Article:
Against all logic, Jim and Andy is not for the Jim Carrey fans. While it offers a unique insight into his views, philosophy and some great behind-the-scenes footage from one Carrey’s best performances, it also demonstrates a man who is seemingly unhinged and obsessive. Its unclear whether Carrey is proud of this time, ashamed of it or just indifferent but as you watch, you wonder how anyone put up with this man’s behaviour.
The warning signs start immediately as Jim Carrey describes being “possessed” by the real life Andy Kaufman, who he was about to start portraying in the film “Man on the Moon.” We then get footage of the comedic actor pretending to be Kaufman, insisting people call him Andy and generally irritating everyone around him as he insists that he is not just staying in character, but that Andy Kaufman has taken control of him.
As annoying as Carrey clearly was, and you will be annoyed by his antics as you see how much it riled the people around him, it does offer a fascinating look at how the movie was made. Man on the Moon is a very good film and Carrey gives a great performance in it, and the documentary offers some perfect behind-the-scenes footage, capturing the process of creating these characters, as well as Carrey’s bizarre behaviour.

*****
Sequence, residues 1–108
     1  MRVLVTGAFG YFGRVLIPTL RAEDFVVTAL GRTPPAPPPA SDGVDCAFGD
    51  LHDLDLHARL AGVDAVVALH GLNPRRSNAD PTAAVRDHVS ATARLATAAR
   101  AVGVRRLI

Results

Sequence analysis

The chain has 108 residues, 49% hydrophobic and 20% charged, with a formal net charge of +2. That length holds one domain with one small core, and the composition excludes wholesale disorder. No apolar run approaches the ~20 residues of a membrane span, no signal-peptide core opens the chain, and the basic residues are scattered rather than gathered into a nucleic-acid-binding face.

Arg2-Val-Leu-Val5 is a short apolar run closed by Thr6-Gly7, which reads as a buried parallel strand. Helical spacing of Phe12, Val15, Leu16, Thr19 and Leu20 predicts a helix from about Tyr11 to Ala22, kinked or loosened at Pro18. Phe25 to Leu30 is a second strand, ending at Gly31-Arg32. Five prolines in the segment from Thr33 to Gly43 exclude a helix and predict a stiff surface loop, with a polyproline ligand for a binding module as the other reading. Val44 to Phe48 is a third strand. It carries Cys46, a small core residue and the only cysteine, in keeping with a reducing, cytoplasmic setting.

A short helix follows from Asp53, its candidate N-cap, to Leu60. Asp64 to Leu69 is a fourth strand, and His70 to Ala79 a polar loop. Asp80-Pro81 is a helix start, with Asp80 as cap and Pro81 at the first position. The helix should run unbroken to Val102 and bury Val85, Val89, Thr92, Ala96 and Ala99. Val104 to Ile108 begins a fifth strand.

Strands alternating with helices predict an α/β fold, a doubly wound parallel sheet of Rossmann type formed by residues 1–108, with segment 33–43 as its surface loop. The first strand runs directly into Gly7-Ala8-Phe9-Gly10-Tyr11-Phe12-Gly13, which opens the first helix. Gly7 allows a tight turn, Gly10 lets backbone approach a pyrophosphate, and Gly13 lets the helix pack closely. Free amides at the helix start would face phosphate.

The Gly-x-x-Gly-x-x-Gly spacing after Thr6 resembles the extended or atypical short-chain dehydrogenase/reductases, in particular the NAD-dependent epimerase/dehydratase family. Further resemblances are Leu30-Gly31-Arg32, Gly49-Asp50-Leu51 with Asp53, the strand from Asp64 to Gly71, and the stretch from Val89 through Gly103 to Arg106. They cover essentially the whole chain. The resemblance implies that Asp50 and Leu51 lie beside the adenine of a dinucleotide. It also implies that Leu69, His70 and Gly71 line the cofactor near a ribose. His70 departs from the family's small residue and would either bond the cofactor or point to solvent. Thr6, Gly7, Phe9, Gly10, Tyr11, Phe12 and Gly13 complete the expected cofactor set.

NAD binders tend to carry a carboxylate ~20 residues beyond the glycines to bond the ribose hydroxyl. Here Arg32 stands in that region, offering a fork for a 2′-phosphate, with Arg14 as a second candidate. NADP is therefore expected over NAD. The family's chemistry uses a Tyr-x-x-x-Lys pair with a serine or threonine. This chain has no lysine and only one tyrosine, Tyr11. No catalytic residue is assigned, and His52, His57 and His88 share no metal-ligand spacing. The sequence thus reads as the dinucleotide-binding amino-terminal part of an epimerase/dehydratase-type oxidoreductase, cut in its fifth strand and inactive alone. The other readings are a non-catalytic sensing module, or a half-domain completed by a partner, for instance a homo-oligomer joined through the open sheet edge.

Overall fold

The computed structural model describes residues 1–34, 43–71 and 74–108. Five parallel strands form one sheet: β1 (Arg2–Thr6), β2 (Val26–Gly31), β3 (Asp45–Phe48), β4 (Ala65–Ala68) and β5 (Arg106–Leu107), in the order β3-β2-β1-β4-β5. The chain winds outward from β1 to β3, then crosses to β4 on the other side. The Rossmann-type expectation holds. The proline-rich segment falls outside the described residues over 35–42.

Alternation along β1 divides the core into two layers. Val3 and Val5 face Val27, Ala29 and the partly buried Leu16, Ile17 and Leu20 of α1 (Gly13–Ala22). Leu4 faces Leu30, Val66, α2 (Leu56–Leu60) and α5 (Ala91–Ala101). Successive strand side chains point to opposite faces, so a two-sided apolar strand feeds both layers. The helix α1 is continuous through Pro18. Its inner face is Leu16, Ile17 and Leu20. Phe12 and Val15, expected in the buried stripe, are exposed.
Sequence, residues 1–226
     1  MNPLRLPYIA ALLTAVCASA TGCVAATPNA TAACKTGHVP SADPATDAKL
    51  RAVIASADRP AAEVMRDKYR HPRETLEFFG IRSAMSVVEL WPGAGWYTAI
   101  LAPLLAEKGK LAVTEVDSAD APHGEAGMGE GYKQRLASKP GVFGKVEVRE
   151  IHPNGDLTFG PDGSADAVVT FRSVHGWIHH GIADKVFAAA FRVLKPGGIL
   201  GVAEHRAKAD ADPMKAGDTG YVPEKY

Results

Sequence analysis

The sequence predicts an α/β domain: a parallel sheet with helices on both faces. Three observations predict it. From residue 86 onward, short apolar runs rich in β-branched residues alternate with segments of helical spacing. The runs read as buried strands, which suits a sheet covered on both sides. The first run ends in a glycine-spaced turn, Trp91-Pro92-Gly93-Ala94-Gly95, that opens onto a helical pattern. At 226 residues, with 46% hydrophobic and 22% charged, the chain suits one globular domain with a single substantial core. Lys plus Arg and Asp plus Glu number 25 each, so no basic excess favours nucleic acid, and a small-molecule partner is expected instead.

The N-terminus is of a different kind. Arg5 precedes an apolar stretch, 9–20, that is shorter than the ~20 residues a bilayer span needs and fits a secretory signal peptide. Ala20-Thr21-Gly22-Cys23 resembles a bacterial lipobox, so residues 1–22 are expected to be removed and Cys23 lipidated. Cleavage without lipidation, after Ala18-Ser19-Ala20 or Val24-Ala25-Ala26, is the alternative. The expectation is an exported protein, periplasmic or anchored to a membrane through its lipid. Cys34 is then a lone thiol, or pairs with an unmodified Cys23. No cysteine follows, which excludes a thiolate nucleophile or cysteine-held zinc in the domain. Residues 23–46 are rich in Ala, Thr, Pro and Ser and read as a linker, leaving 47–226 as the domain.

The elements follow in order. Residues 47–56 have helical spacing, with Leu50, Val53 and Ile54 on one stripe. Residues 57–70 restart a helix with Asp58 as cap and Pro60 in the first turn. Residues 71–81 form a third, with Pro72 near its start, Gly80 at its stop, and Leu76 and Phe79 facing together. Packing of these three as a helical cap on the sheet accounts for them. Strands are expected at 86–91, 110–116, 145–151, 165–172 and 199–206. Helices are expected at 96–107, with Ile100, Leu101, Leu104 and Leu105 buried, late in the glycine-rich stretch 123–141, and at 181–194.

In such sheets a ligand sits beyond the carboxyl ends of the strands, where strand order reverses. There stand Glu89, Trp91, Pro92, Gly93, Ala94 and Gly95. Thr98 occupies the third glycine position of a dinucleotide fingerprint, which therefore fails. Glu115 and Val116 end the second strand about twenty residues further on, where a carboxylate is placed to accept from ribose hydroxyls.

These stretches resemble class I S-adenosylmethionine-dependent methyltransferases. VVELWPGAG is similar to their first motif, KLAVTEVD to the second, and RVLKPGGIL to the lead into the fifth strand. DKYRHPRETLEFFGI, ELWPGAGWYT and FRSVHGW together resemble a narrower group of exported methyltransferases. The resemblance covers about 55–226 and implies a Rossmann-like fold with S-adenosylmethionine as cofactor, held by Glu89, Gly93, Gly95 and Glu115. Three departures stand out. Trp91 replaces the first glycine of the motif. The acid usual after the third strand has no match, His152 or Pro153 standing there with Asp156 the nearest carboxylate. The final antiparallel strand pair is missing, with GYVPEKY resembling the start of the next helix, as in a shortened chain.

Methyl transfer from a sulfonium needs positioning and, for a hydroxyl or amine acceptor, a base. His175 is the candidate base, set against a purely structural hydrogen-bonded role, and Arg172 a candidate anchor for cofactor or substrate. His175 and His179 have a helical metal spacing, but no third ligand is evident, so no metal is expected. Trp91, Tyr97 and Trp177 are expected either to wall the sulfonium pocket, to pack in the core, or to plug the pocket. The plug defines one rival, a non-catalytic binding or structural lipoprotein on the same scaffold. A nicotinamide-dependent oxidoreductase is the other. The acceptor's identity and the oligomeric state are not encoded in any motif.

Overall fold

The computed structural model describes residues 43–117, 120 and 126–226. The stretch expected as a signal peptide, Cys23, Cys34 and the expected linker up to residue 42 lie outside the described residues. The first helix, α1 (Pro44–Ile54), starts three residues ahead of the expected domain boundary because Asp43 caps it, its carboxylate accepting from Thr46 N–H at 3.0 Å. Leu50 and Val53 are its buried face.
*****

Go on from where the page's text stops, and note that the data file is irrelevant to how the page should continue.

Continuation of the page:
Carrey himself is very open about the whole process too. Some actors may look back at this kind of behaviour and consider it embarrassing or a time in their career they would want to forget, blaming it on impetuous youth. Carrey embraces it though, explaining his thoughts, experiences and being able to take a look at the whole experience with a philosophical view. This is a man who has changed his outlook on life and you get some great nuggets of wisdom from Carrey which will resonate with some people.
What he doesn’t demonstrate is any remorse for the way he seemingly terrorised cast and crew on the set. You begin to get frustrated with how he was left to act the way he did, unchallenged. Moments make you wince, as he pretends to be Andy to members of Kaufman’s family. It even borders on the ridiculous when friends of the real-life Kaufman, like WWE Superstar Jerry Lawler, call the whole charade out to Carrey not really knowing what Andy was truly like.
Aside from the sparse interviews with people like Lawler, filmed back when the film was being shot, there are no other modern talking heads other than Carrey. This feels like an oversight, as Carrey laughs and jokes about the antics, you wonder, looking back on a film made in 1999, how the other actors and the director truly feel about the experience. At times you see the exasperation, particularly from director Milos Forman, as he is trying to wrangle a movie set and a loose cannon movie star.
Overall, Jim and Andy offers a great insight into how Man on the Moon was made, from exclusive, well documented behind-the-scenes footage. What is also shows is a movie star overindulging and acting so frustratingly badly that you get irritated by his antics. The film is always interesting though, you just wish you heard more of the other side to the tale and perhaps less of Carrey’s remorseless musings.
Rating – 4
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